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Bring on the Rain

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“Can I kiss you?”

Dean has lit his third cigarette and smokes steadily on one side of the room. Jerry has been pacing on the other side, teeth worrying the index finger of his right hand, but now looks askance at his partner. The show went well – of course it did – and they ran off to whoops and cheers and whistles. The grins that disfigured them faltered and fell, and they hurriedly hid themselves away in the dressing room. Neither one has spoken until now, and the sudden sound of Jerry’s voice – his normal voice, but low and anxious – makes Dean a little uneasy.

“Since when do you ask?”

The door remains unlocked. Anyone could wander in and see these men struggling to meet each other’s eyes across an empty room. But no one comes. No one will, not without knocking. Not without waiting. Not without being sure that the room has thawed a degree or two before subjecting themselves to it. No. They will be left alone. Maybe that’s for the best. But for the first time Jerry realises he doesn’t know what the best is. He remembers some other time, how he paced and fretted and felt Dean’s hand on his wrist, gently pulling him on to his lap. It’s too much to think about.

“Since now.”

Something hangs between them, horrible and huge. They won’t discuss it; Dean knows they should, but fuck if he knows how to start. Fuck if he ever knows how to start with Jerry. He said some things, felt the gnawing in his gut as the words tumbled from his mouth; his young partner said things too, but sadder things, a little kinder, desperate. Dean couldn’t read them all, didn’t know why he’d even picked up the paper. He threw it away and shoved the words to the back of a mind already fit to overflow with vitriol and shame. Now, in a display of indifference he does not feel, he crushes the cigarette and puts his hands in his pockets.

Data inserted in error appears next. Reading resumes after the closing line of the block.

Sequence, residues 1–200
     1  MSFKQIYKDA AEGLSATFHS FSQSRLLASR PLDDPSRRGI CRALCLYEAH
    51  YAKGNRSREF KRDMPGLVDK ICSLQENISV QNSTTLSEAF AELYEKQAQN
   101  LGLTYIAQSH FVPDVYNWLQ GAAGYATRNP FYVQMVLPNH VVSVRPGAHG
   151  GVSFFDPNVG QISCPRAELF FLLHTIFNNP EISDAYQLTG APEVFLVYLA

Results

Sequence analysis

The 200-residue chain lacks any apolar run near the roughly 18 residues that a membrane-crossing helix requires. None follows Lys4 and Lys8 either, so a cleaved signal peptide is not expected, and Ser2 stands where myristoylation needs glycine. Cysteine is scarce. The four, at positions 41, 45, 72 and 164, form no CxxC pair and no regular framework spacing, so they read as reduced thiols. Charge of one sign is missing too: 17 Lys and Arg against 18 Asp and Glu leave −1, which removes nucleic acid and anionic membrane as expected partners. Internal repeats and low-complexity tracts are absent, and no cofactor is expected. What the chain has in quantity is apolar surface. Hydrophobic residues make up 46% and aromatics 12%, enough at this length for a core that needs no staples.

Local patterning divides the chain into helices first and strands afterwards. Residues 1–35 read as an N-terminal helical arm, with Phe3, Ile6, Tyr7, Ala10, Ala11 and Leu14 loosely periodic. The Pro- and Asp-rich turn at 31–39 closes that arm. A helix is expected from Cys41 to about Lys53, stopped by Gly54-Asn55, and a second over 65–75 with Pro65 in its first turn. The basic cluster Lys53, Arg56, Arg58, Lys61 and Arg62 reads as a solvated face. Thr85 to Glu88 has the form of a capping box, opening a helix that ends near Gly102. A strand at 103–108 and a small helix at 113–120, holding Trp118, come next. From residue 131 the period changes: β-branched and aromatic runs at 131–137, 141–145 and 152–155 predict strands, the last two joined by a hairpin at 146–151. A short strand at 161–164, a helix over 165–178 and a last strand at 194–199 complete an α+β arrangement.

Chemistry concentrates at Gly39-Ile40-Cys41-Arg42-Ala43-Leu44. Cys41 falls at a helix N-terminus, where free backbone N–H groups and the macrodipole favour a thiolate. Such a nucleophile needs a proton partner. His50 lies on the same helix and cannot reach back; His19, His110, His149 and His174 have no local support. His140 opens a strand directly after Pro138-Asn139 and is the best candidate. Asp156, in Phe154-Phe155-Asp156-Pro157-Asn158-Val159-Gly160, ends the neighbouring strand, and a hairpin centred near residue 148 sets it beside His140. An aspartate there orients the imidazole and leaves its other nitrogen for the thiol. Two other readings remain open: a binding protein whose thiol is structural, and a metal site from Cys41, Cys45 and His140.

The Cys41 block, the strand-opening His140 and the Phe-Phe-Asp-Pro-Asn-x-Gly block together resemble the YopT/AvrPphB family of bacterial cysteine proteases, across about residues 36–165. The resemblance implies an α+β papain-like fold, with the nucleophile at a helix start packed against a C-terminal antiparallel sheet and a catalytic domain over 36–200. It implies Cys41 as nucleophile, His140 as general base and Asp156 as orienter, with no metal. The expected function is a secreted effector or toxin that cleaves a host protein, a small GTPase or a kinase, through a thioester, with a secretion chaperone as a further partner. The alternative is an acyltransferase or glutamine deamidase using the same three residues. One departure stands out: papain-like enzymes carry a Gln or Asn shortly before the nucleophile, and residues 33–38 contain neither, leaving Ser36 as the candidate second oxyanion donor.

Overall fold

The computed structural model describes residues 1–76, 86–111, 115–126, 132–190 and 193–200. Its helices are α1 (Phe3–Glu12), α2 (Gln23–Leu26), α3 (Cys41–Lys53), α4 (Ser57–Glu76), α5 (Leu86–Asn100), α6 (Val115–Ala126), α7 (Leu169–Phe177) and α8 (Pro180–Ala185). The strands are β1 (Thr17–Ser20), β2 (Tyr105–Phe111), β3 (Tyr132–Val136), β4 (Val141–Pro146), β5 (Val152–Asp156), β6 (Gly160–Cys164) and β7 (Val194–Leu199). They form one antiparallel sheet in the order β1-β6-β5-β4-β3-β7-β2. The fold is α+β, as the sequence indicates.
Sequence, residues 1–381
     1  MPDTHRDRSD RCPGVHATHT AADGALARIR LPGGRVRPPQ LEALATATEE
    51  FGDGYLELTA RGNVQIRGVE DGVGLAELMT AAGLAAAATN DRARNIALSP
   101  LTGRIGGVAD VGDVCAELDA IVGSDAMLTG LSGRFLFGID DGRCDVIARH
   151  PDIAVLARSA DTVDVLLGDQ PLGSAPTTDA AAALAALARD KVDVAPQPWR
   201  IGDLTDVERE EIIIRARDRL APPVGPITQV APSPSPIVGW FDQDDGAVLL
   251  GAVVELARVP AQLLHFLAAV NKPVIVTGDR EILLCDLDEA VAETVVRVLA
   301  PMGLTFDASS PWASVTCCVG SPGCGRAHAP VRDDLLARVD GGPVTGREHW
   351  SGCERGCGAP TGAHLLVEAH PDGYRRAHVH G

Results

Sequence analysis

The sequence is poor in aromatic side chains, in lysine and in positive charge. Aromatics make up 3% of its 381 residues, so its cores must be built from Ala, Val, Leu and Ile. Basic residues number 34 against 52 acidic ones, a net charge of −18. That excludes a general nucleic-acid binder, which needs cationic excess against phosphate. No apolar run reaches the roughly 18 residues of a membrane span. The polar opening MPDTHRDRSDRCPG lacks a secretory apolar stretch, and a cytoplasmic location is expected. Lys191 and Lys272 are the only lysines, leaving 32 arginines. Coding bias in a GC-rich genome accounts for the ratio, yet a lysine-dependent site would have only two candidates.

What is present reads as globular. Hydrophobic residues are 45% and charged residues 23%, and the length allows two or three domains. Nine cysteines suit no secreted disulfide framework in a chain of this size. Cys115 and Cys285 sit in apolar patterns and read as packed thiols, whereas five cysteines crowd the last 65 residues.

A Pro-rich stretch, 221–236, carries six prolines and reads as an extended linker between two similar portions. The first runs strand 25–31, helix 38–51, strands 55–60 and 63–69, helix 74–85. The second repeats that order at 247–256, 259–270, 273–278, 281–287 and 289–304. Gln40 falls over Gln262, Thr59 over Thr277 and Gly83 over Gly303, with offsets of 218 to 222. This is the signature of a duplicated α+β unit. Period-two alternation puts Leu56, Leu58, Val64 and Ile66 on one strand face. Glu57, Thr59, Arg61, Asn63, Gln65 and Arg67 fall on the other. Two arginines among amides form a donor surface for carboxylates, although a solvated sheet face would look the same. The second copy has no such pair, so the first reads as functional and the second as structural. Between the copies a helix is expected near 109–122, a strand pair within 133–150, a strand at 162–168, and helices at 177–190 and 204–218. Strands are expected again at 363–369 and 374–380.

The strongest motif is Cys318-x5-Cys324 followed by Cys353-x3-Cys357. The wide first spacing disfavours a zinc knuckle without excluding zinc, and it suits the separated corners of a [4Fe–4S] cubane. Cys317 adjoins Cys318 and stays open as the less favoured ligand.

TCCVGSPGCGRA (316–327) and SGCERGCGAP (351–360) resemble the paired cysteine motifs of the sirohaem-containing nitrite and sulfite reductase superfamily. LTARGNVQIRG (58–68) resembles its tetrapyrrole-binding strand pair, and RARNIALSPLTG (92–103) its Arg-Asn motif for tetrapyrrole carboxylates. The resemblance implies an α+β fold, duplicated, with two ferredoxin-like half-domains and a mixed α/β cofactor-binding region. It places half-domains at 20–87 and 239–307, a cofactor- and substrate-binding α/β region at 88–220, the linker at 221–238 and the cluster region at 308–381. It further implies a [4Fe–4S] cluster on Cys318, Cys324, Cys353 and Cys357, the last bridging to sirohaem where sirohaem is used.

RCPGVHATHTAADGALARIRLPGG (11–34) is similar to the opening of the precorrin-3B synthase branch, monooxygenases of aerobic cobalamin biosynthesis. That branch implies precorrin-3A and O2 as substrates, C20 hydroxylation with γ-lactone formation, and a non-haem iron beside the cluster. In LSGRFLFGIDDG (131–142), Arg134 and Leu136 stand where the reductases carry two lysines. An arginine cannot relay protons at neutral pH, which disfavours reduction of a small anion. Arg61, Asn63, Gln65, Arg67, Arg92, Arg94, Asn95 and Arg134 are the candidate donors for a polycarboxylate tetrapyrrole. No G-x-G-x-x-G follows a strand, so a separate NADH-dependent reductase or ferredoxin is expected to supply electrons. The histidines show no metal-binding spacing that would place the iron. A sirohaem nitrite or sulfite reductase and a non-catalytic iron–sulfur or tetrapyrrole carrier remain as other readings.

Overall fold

“Sure.”

Jerry lets his gnawed hand fall. He swallows. Then his numb feet cross the floor. Barely ten feet, but each step seems to take Dean further from him. He wishes his partner’s face would spread into that old bemused grin he loved so well. He wishes Dean would open his arms and welcome him to fill them. But his partner simply waits, his expression unreadable. Jerry stands close. He wants to touch him, hold his face or waist or even lightly rest a hand on his arm, but something stops him. Instead, he tilts his head and almost timidly presses his lips to Dean’s still mouth. It’s not a kiss, not really, just a brief, light pressure and retreat. But it’s enough. He hopes it’s enough.

“Sorry.”

Dean can’t look at him, can’t see the shine in his eyes. He holds his wrist, feels the jackrabbiting pulse. His thumb strokes the sensitive skin. He can’t look up. He won’t see what expression accompanies Jerry’s hitching breath. He heard about the drive to the première, how Jerry wept in secret. Then bursting forth and clowning and kibitzing as though his life depended on it. Maybe it had. But when the questions got too much for him, he broke and sobbed in front of everyone. Now he sobs alone. Dean tightens his grip.

“Ask me again.”